Posted 01/10/2020

Seniors housing occupancy averaged 88.0% during the fourth quarter of 2019, up 10 basis points from the prior quarter.

Seniors housing occupancy averaged 88.0% during the fourth quarter of 2019, up 10 basis points from the prior quarter.

4Q19 NIC MAP Market Fundamentals data has been released and is now available. Download a snapshot of fourth quarter, 2019 data, which includes occupancy rates, annual rent growth, annual inventory growth, key findings and more. 

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4Q19 Market Fundamentals


Senior Housing Occupancy Rises Nationwide in Fourth Quarter, 2019

Wide variation among regional markets, while assisted living occupancy rate strongest in two years

ANNAPOLIS, MD.  (January 9, 2020)—Senior housing occupancy increased 0.1 percent in the fourth quarter of 2019 to 88.0 percent, according to new data from the National Investment Center for Seniors Housing & Care (NIC). San Jose (95.7%) and New York (91.3%) experienced the highest occupancy rates of the 31 metropolitan markets that comprise NIC’s Primary Markets. Atlanta (82.7%) and Houston (82.5%) recorded the lowest. Las Vegas experienced the largest occupancy increase from a year ago, rising from 80.3 percent to 84.1 percent. Cincinnati saw the largest year-over-year decrease, falling from 89.7 percent to 86.4 percent.

In a breakout of senior housing types, assisted living occupancy increased to 85.7 percent in the fourth quarter, from a recent record low of 85.1 percent earlier in the year as demand outpaced new inventory growth. The occupancy rate for independent living decreased to 90.0 percent in the fourth quarter, below its recent peak of 90.4 percent in the first quarter of 2019 and down from 90.3 percent one year earlier.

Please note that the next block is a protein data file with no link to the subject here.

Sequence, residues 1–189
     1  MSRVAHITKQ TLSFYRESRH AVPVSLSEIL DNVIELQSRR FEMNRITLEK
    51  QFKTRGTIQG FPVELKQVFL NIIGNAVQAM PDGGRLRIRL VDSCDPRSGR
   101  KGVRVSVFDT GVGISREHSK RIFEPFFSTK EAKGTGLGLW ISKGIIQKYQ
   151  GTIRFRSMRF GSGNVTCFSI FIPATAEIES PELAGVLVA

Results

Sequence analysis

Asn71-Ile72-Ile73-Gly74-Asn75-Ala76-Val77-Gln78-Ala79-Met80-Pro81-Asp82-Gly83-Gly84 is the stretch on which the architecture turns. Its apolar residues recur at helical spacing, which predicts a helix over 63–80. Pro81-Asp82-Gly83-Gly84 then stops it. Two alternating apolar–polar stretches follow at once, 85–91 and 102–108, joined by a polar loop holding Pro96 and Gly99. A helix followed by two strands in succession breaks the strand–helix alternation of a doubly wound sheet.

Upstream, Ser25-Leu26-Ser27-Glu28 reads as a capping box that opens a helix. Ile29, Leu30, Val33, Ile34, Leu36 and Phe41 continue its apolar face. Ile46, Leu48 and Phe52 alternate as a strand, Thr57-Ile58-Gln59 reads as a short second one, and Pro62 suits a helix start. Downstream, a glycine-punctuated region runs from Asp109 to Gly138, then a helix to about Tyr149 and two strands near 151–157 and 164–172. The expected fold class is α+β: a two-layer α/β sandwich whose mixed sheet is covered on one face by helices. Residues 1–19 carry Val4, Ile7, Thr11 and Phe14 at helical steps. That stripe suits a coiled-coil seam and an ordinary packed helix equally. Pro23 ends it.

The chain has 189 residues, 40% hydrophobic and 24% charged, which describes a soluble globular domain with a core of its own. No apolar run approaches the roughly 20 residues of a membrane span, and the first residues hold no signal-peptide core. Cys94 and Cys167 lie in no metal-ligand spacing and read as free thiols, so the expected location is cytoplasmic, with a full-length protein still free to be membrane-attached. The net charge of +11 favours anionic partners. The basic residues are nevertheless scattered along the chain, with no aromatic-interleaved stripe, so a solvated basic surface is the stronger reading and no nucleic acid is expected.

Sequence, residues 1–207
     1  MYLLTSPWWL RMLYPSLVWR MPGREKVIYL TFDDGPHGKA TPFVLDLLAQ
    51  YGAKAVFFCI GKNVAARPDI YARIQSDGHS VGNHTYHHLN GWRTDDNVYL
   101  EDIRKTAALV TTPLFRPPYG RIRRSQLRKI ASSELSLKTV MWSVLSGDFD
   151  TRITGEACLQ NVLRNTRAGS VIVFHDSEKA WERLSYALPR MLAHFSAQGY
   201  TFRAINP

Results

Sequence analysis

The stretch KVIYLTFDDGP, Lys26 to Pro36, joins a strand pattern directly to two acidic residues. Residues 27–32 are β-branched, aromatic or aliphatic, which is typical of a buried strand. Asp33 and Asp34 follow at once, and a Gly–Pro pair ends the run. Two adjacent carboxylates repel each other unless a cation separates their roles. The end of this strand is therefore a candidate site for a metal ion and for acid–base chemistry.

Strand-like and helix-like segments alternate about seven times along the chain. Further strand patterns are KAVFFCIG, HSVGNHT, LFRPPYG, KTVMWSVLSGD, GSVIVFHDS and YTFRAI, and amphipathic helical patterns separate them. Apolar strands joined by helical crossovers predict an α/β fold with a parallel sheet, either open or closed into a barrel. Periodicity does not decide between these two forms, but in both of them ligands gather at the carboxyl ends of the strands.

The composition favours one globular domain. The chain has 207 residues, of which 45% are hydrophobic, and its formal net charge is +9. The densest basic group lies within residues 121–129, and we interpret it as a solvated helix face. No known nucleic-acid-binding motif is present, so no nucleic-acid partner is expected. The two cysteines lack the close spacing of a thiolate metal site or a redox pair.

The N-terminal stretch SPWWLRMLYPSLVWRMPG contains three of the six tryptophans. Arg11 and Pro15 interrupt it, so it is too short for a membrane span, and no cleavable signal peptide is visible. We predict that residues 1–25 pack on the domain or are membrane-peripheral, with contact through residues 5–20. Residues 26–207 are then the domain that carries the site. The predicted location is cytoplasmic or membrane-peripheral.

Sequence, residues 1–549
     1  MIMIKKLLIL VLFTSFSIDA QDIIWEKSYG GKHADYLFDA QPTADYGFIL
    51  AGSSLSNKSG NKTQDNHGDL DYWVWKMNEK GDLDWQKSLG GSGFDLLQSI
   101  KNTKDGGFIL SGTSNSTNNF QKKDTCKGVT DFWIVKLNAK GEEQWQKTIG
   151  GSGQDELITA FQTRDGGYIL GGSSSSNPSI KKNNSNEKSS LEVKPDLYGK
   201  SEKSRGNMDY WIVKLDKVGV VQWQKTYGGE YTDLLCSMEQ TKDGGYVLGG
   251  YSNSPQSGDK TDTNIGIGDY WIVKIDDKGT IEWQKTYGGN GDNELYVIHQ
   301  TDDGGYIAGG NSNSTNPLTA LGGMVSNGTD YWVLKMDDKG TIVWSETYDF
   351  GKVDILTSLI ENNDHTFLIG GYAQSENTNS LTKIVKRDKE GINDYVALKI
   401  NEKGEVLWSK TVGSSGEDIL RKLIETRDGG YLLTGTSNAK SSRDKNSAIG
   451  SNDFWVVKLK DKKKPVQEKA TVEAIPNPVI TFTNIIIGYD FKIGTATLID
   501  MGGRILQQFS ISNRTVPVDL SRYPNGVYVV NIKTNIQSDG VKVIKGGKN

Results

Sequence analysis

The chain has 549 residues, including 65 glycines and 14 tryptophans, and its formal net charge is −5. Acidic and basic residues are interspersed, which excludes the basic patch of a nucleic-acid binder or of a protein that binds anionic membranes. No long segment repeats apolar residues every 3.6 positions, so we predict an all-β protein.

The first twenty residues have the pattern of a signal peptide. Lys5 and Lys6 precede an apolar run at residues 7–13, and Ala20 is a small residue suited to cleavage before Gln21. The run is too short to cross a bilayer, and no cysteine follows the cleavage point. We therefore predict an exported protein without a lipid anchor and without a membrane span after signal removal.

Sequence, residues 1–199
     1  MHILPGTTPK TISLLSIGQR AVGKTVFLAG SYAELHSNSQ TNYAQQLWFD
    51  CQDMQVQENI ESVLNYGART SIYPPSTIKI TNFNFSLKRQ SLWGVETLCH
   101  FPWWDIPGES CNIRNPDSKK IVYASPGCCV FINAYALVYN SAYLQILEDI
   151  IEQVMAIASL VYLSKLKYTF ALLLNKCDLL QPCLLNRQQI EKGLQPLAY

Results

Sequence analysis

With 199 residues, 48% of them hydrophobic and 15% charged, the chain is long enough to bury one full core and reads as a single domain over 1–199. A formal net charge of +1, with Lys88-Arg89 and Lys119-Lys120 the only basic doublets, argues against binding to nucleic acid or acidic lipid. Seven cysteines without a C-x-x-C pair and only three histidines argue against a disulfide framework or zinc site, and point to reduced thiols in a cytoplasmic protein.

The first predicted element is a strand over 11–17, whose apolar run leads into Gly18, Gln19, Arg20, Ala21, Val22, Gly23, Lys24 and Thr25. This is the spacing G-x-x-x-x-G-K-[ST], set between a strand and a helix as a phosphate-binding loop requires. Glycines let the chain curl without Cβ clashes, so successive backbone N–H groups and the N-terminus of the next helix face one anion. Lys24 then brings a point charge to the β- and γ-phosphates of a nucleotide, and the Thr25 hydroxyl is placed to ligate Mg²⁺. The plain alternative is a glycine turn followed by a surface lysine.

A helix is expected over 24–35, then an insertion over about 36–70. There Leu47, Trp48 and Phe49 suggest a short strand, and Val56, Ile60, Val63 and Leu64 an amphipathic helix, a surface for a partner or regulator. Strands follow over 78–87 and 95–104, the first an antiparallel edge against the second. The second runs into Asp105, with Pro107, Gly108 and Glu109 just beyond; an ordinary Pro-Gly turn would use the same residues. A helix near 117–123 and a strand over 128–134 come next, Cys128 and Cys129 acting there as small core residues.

“It appears that 2019 was an inflection year for assisted living with the occupancy rate at its highest level in two years after having reached its trough and new construction continuing to slow,” said Chuck Harry, head of research and analytics at NIC.

For the year, net absorption totaled 15,643 units for senior housing, the most units demanded on a net basis for a full year since NIC began reporting the data in 2006. Inventory growth decelerated from 21,479 units in 2018 to 16,750 units in 2019 but was nevertheless stronger than net demand.

“Demand was strong, but simply not strong enough to offset the growth in inventory,” said Beth Burnham Mace, NIC’s chief economist. “The slowdown in starts and in the number of units under construction suggest an improving outlook for senior housing, especially for assisted living.”

NIC’s Primary Markets saw 17,718 new construction starts in the last four quarters, the fewest new starts since 2014. These construction starts amounted to 2.8 percent of total existing senior housing inventory, down from 3.8 percent a year ago and 4.6 percent in early 2018.

NIC data also reveal that continuing care retirement communities (CCRCs), which offer multiple types of care by a single provider on one campus, reported higher occupancy rates than non-CCRC properties in the fourth quarter of 2019 (91.2% vs. 86.3%). Part of the explanation can be traced to lower inventory growth for CCRCs than for non-CCRC properties, NIC experts say.

To learn more about NIC quarterly senior housing and skilled nursing data, please visit NIC.org.

A summary of the NIC MAP Data Market Fundamentals for 4Q19 is below.

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